State of the art -radio

woodelf bfranchuk at
Sat Sep 24 01:25:05 CDT 2005

Allison wrote:

> Then you'd like the 5 tube 75/80m RX I've built. Or maybe the 6m SSB
> transceiver using analog phasing techniques.
I guess I might.

> However..
> Thermionic diodes are noisy, much more so than silicon.  Tubes at RF
> cannot approach the noise figured that cheap transistors can.  
My mistake here, I was thinking DC offset rather than noise.

> a 3CX1000 amp is still cheaper than a transistor one and far more
> tolerent of mishandling.
That is quite true.

> Crystal sets could not eliminate WGSM (740am) 3000W and 1 mile
> away and allow me to hear WABC 770khz 40 miles away.  

Well add another Crystal -- Filter that is -- :)
I agree that DSP is great for brick wall filters but you might want
to check up on Crystal Sets on the internet because I read a
few people saying that the design of the radios in the past
are based on incorrect theory.

> Non-linearity it's bad design for some things but useful where 
> efficientcy counts.  Look at Class E trannsmitters and switchmode 
> power supplies for efficientcy.

That is only because you need a sine wave out of the transmiter
something that is easy to restore with a tuned circuit. You had better
not look at what I consider a state of the art HI-Fi amp to be, the
one I built from plans I found on the web. A whole 1.25? watts RMS
per channel. I consider it state of the art because 1) It has a
regulated power supply ( Zener diode - 800 volt 6.5 amp  FET pass
tranistor ) 2) Single ended ultra-linear ( 50%) operation.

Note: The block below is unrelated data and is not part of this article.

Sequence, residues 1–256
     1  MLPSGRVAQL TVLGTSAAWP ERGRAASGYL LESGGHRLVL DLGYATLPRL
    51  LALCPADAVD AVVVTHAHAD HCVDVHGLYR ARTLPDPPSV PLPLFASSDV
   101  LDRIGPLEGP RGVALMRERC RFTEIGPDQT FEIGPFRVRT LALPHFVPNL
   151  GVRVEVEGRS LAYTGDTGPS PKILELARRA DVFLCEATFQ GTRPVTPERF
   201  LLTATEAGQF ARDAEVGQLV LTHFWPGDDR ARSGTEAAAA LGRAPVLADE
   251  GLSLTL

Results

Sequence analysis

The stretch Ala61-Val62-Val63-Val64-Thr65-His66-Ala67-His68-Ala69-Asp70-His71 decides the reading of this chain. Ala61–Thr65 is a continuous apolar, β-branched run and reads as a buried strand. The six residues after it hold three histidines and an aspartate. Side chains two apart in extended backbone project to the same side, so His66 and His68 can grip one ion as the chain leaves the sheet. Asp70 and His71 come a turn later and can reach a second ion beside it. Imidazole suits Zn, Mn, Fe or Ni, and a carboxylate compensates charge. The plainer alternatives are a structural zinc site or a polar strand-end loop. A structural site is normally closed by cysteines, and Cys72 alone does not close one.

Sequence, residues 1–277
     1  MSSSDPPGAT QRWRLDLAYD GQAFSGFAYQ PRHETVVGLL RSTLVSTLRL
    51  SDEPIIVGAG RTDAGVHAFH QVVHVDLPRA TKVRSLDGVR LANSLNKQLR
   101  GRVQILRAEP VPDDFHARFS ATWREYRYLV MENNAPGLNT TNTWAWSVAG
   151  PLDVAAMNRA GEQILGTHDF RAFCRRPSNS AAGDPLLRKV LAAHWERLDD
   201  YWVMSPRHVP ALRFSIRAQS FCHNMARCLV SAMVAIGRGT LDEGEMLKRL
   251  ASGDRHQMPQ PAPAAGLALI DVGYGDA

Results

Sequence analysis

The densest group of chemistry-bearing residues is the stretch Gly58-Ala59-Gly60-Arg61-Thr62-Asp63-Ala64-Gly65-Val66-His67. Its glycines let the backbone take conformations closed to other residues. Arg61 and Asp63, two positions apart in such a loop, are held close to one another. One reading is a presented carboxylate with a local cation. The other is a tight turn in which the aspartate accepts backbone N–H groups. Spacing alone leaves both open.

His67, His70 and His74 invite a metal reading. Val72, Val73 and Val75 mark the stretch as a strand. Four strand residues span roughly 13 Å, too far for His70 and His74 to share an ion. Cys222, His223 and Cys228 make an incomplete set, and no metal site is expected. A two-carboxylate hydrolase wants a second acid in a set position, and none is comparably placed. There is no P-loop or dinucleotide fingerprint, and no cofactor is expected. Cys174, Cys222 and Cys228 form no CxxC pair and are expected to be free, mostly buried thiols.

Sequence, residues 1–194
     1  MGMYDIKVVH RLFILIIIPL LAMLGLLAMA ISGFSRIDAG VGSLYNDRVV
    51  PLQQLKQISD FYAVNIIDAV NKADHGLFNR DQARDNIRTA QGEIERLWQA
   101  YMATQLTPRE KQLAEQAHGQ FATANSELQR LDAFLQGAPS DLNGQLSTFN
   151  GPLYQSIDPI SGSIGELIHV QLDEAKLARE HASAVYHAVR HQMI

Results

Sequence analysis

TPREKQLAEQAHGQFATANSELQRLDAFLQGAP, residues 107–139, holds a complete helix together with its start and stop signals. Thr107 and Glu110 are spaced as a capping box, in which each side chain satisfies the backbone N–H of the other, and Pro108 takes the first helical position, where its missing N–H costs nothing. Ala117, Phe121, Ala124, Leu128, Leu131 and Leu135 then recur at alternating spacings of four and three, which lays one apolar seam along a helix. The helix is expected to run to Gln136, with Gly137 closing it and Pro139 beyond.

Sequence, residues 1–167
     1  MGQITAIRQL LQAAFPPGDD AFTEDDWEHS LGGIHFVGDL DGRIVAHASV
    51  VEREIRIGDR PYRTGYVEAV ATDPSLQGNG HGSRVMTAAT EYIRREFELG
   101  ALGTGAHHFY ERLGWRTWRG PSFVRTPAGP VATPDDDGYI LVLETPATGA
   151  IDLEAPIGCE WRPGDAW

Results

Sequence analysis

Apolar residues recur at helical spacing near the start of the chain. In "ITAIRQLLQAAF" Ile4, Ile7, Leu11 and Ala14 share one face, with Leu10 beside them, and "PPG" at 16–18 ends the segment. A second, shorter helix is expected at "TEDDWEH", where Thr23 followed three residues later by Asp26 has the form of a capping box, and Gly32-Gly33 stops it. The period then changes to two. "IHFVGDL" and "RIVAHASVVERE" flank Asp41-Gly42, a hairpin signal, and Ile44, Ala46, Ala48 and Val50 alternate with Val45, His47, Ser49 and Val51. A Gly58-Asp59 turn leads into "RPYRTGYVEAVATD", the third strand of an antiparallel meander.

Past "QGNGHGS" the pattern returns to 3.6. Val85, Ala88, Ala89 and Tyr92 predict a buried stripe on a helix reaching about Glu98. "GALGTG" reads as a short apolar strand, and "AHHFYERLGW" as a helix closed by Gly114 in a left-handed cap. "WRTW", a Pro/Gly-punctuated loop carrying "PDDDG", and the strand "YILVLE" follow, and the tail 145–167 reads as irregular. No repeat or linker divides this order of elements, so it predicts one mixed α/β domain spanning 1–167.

A 6SL7 driver and 6V6GT for the power amp.

> I have a tranceiver for 6M/2M that uses IF dsp and it's frontend is
> very sophisticated and hears as good as any.  To beat that took me
> a year using some very good analog technology and it's limited to
> 6M and needs a digital display for the analog VFO.  Great radio BUT,
> not significantly better than the commercial one save for a few narrow
> things I only care about.
> What you should check out is Softrock, uses the soundard and CPU
> to do the back end stuff and it's frontend is a 29$ kit.
>  (it's sold out but the 
> details are there).

But is it open source? I don't like CLOSED equipment or ideas.

> So whats this got to do with computers.  Well as cpu cycles get cheaper,
> DSP can do things that analog had to do but not as well.  Things like 
> brick wall filters that don't ring and phase delays that are frequency 
> invarient are very hard to do with analog.  Right now a sound card
> and a leftover 30-400mhz PC is a pretty cheap way to do dsp but, 
> there are chips out there that coming in cheaper and only require 
> programming. The difference is the computer can also deliver the 
> user interface or as pilots call them the "glass cockpit" rather than
> a box of knobs and dials.

Some day I might want to break the glass and look inside.
Still if you have the PC it a good use for it, since it
too new to be a classic computer. :)
> Allison

PS. I consider state of the art for personal computers
to a GOOD 6809 OS/9 system but not a with a COCO.

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